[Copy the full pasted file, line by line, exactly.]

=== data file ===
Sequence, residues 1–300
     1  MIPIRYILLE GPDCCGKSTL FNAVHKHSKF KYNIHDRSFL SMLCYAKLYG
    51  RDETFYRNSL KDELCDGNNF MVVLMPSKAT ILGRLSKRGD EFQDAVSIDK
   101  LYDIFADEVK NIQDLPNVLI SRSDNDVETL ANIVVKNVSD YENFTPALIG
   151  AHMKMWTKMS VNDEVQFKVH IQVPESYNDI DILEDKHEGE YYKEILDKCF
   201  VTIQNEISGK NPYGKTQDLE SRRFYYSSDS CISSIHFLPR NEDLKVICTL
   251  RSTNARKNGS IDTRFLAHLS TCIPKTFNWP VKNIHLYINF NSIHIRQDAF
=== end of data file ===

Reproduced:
Sequence, residues 1–300
     1  MIPIRYILLE GPDCCGKSTL FNAVHKHSKF KYNIHDRSFL SMLCYAKLYG
    51  RDETFYRNSL KDELCDGNNF MVVLMPSKAT ILGRLSKRGD EFQDAVSIDK
   101  LYDIFADEVK NIQDLPNVLI SRSDNDVETL ANIVVKNVSD YENFTPALIG
   151  AHMKMWTKMS VNDEVQFKVH IQVPESYNDI DILEDKHEGE YYKEILDKCF
   201  VTIQNEISGK NPYGKTQDLE SRRFYYSSDS CISSIHFLPR NEDLKVICTL
   251  RSTNARKNGS IDTRFLAHLS TCIPKTFNWP VKNIHLYINF NSIHIRQDAF